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AllForOne stops child processes hanging around when your parent process stops.
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README.md

AllForOne

Say goodbye to pesky hanging processes on your Build Server.

What does AllForOne do?

AllForOne ensures that child processes which are started by your application end when your application ends.

Why is this useful?

Browser automation frameworks, such as Selenium or Watin, need an instance of a browser to work with. Sometimes an intermediary process, which acts as a shim between the browser and the browser automation framework, also needs to be started.

Your Test Fixture Setup code would usually take care of this. For example, to automate browser testing using Google Chrome and Selenium, your Integration Test Fixture Setup code will need to start child processes for both Chrome Browser and Selenium Chrome Driver instances.

Additionally, your Test Fixture Teardown will (hopefully!) contain code which kills any processes which were started in your Test Fixture Setup. This is important, as otherwise each time you run your tests you'll start another browser instance, and another, and another...

So, you've got code in your Test Fixture Teardown to sort this out, so there's no problem, right? True... but only if your Test Fixture Teardown gets to run.

###Why might your Test Fixture Teardown not run?

  1. You abort a test run

    You're running your integration tests in Visual Studio. You realise something's not right so you click on the Stop button in your test runner. Your tests stop, but the Test Fixture Teardown code never has a chance to run. Therefore, your test browser instance is still running.

    Okay, this is not the end of the world. You can see the test browser is still running and you can kill it. But what a hassle, having to kill the test browser (and possibly something else like Chrome Driver) every time you stop a test run!

    And sometimes you start the test run again, forgetting to kill the test browser and only remembering when your test code complains that a browser is already running. So you stop the tests again, and have to close the original test browser, and the second one that just got started, and maybe two Chrome Driver instances too...

  2. Your test run crashes on your Build Server

    Integration tests crash on Build Servers for all sorts of reasons. Perhaps there is a 32 vs 64 bit mismatch. Maybe there is a permissions problem. Whatever the cause, you really don't want any test related processes hanging around after a build has stopped, especially as the problem won't be immediately obvious.

    If you're using Continuous Integration your integration tests will be running on your Build Server automatically, hopefully when you check code in several times a day. If something is going wrong with each run, you could end up with tens, if not hundreds of test browser instances running on your Build Server. You'll only know there's a problem the next time you log on and see a screen filled with browsers, or when a co-worker complains that you're using up all the Build Server resources with your crazy Integration Tests.

How does AllForOne work?

AllForOne uses Job Object voodoo to ensure a set of processes are managed as a unit. More detail can be found here: http://msdn.microsoft.com/en-us/library/ms684161(v=vs.85).aspx#managing_job_objects.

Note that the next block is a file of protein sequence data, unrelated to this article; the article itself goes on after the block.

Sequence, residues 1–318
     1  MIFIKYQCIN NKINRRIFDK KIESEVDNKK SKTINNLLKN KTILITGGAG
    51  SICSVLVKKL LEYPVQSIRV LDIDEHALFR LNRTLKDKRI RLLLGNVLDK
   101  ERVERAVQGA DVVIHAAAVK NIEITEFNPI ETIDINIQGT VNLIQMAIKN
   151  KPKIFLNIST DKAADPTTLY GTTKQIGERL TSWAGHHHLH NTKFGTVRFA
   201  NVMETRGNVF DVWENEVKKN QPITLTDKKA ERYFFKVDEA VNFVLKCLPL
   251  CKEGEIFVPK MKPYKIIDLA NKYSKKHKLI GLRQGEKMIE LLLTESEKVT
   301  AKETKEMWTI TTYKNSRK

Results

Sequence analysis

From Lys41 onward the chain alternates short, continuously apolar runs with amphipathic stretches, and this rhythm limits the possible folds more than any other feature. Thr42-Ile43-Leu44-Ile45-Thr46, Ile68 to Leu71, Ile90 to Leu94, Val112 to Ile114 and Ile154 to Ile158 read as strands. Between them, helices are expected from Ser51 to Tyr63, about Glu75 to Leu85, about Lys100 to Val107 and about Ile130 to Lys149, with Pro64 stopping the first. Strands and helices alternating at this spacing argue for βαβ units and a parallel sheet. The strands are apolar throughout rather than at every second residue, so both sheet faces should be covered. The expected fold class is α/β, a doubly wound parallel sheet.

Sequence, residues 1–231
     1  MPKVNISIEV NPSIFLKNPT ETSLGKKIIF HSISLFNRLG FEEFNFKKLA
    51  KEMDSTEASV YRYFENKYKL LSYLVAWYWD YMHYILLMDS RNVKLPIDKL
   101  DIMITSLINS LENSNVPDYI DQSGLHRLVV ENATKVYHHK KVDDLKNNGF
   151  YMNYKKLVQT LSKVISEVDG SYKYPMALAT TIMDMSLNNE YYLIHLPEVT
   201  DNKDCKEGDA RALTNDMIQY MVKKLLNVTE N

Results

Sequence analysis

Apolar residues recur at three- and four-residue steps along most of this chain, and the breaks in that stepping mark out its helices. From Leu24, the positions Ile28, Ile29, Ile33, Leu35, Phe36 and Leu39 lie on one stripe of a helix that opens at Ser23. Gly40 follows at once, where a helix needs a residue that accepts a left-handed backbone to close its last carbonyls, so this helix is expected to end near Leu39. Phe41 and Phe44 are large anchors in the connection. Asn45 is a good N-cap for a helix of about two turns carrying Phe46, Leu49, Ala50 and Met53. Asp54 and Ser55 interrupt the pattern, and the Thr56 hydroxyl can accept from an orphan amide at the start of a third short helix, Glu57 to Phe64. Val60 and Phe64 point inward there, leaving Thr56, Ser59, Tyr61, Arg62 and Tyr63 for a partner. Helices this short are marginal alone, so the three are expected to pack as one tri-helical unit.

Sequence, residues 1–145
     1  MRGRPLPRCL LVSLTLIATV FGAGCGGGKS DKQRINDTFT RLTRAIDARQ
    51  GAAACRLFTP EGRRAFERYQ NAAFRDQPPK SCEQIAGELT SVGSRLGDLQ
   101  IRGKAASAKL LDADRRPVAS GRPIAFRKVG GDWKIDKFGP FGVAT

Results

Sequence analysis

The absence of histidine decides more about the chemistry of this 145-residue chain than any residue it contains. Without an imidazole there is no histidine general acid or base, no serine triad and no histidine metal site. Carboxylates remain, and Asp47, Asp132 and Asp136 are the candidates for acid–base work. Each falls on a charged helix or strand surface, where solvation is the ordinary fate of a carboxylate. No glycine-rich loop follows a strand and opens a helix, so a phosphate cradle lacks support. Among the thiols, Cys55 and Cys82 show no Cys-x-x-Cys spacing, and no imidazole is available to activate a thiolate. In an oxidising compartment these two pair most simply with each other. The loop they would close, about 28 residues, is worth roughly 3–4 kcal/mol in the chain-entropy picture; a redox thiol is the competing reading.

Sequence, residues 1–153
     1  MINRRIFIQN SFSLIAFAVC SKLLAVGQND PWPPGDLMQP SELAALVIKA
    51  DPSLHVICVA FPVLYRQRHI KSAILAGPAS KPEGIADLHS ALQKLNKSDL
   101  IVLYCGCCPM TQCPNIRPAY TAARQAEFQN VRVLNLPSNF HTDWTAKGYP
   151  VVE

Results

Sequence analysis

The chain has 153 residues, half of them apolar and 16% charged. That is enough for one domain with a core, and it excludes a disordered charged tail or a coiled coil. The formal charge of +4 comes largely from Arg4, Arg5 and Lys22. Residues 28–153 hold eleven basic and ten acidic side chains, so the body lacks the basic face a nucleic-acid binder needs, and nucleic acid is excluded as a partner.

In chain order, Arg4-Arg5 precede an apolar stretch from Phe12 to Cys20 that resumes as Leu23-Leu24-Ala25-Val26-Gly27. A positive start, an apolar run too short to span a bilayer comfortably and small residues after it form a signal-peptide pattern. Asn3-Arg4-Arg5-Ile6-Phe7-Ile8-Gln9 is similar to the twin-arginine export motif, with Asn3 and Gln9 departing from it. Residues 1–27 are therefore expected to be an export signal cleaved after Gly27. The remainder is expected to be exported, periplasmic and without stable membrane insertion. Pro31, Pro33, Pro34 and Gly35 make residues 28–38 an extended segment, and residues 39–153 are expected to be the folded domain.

This StackOverflow answer inspired much of the code: http://stackoverflow.com/a/4657392/169334.

However, the 'LimitFlags' setting used is '0x3000' rather than '0x2000'. This applies 'JOB_OBJECT_LIMIT_SILENT_BREAKAWAY_OK', as well as 'JOB_OBJECT_LIMIT_KILL_ON_JOB_CLOSE'. Without it, any further child processes spawned, such as those which Chrome creates itself, get assigned and locked to the same Job. Thereafter, Chrome cannot use it's own Job Management strategies and, therefore, crashes.

The differences are further explained here: http://msdn.microsoft.com/en-us/library/ms684147(VS.85).aspx.

How do I use AllForOne?

AllForOne is straightforward to use. Simply install it using the package available on NuGet, and then use the Process Extension Method provided to register your child processes as soon as possible after they are created:

var childProcess = new Process { StartInfo = myStartInfo };
childProcess.Start();

childProcess.TieLifecycleToParentProcess();

Now, when the parent process stops, either because you have killed it or because it crashes, the child process is guaranteed to stop as well.

Just call TieLifecycleToParentProcess() on any child processes you spawn in your test code and no longer will you have to worry about hanging processes on your Build Server.

A note about the project structure

AllForOne contains the main App project, a Unit Test project, and two Console Application projects which the Unit Tests use. Both of these Console Apps spawn a child Chrome Driver instance, but only one uses TieLifecycleToParentProcess().

The Unit Test project starts each of these Console Applications and then kills them, testing that child processes are also killed if TieLifecycleToParentProcess() has been used.

The projects make liberal use of Visual Studio linked items. You'll see that there is a 'chromedriver.exe' linked item in each of the test projects; these all point to a 'chromedriver.exe' file in the Chrome Driver NuGet Package folder. However, this file gets copied to the project bin folders as 'testChromedriver.exe', to prevent the Unit Tests interfering with any legitimate Chrome Driver processes that may already be running on your Build Server.

This trick was acheived by manually changing the <Link>chromedriver.exe</Link> entry in the project files to <Link>testChromedriver.exe</Link>. Unfortunately this is not reflected in the Solution Explorer entry in Visual Studio, which is why I draw attention to this here.

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